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31 July 2013
7.16pm
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Funny Paper
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The line right after "the walrus was Paul" is denoted by many different websites as saying:

"Standing on a cast iron shore, yeah".

John can't possibly be singing that, can he?  If he is, what does it mean?  Just a bit of his "Spaniard in the Works" Dadaist nonsense perhaps...?

Faded flowers, wait in a jar, till the evening is complete... complete... complete... complete...

31 July 2013
7.23pm
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Ron Nasty
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The Cast Iron Shore was the nickname for the banks of the Mersey in an area of south Liverpool where there was an iron foundry

"I only said we were bigger than Rod... and now there's all this!" Ron Nasty

 

The Beatles Non-Canon Poll List

31 July 2013
7.50pm
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Well, I'll be damned...!  Thanks mja.

Faded flowers, wait in a jar, till the evening is complete... complete... complete... complete...

31 July 2013
9.41pm
mccartneyalarm
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Someone told me that a Glass Onion is a coffin??? Anyone know what it is or isn't?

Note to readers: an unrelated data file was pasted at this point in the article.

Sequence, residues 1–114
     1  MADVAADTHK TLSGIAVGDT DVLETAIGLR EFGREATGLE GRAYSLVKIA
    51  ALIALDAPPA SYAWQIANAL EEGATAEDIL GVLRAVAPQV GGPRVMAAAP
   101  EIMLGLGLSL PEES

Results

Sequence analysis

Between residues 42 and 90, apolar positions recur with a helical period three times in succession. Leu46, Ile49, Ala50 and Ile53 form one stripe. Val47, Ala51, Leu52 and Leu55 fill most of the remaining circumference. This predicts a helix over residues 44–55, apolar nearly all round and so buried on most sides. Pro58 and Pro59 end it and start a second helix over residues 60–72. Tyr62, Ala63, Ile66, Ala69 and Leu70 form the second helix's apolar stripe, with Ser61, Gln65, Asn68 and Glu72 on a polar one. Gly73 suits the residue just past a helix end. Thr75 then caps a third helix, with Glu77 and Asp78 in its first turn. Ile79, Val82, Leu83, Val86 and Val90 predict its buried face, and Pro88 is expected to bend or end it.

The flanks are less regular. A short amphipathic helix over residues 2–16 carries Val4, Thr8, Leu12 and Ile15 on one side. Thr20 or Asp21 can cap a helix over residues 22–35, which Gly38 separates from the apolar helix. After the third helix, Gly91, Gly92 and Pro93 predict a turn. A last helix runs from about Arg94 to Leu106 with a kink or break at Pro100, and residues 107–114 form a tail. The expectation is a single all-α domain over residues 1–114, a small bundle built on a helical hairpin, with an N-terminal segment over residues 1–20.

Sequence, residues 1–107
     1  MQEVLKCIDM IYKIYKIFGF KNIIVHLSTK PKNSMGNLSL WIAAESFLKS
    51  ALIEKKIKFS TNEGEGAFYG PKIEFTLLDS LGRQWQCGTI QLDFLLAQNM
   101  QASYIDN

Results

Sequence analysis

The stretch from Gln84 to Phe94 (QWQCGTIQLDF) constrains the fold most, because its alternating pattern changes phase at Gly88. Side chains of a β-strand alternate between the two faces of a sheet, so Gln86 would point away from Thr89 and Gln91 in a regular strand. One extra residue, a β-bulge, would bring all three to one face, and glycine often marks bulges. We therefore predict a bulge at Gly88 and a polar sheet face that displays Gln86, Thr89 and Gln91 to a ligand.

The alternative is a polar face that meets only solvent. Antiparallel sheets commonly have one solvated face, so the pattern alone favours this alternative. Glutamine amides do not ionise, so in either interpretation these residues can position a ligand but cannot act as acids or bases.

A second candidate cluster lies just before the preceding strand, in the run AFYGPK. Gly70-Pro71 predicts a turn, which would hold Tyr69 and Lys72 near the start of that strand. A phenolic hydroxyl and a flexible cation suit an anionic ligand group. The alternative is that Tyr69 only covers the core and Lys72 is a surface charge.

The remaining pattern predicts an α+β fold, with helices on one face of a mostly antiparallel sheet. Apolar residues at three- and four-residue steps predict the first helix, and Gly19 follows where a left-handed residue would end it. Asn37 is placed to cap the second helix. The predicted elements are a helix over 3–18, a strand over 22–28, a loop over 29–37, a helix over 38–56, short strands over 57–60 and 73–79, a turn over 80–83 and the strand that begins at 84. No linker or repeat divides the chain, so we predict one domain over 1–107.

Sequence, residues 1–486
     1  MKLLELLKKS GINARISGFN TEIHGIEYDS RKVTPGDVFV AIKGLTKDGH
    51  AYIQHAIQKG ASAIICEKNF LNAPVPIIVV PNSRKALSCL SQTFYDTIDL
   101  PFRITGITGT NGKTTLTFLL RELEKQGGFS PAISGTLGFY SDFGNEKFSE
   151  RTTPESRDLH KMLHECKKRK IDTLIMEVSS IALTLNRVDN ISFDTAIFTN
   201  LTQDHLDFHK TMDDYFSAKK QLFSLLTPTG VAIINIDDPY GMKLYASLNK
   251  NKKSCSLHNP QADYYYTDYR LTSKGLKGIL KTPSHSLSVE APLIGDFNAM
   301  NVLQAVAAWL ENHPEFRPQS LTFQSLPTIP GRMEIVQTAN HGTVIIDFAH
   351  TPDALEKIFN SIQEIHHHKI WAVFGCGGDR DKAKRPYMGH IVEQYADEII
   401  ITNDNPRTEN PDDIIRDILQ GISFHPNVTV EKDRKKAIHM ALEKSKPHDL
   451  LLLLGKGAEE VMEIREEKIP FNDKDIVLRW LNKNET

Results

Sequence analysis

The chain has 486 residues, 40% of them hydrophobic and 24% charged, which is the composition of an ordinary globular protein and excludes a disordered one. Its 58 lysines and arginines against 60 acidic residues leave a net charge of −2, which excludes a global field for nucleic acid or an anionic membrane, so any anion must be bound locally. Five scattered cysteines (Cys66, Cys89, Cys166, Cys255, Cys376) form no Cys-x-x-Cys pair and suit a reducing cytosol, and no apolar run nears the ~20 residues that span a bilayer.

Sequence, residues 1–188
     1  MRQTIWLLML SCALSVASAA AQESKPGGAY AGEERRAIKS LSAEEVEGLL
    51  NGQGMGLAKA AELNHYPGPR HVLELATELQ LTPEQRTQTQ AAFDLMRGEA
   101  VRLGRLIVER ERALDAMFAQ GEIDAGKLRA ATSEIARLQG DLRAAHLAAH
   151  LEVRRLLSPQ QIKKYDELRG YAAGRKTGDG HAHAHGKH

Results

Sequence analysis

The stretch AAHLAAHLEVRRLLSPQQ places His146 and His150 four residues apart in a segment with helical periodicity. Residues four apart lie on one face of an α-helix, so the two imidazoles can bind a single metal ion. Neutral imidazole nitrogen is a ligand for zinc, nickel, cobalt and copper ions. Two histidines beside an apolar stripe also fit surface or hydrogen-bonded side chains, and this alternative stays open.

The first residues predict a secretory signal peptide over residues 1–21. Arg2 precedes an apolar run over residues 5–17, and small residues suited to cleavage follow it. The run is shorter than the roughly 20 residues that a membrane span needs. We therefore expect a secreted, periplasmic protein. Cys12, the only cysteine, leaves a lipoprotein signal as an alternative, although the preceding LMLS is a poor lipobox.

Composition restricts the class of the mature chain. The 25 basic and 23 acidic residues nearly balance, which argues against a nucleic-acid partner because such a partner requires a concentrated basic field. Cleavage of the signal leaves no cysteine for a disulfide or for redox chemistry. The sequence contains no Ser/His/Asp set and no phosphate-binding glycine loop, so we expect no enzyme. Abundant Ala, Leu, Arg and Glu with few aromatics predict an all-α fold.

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31 July 2013
10.01pm
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Ron Nasty
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A Glass Onion was a large hand blown glass bottle used on sailing ships for wine or brandy. So they were more stable they had wide bottoms, giving them an appearance reminiscent of an onion. Though I doubt John was thinking of the bottle when he used the phrase.

https://i1.wp.com/i.istockimg.com/file_thumbview_approve/16628717/2/stock-photo-16628717-old-green-glass-onion-bottle.jpg?w=200&quality=100&strip=allImage Enlarger

"I only said we were bigger than Rod... and now there's all this!" Ron Nasty

 

The Beatles Non-Canon Poll List

2 August 2013
4.26am
LongHairedLady
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I gotta say, it's one of my least favourite Beatles tunes.  

"Please don't bring your banjo back, I know where it's been..  I wasn't hardly gone a day, when it became the scene..  Banjos!  Banjos!  All the time, I can't forget that tune..  and if I ever see another banjo, I'm going out and buy a big balloon!"

 

2 August 2013
4.31am
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LongHairedLady said
I gotta say, it's one of my least favourite Beatles tunes.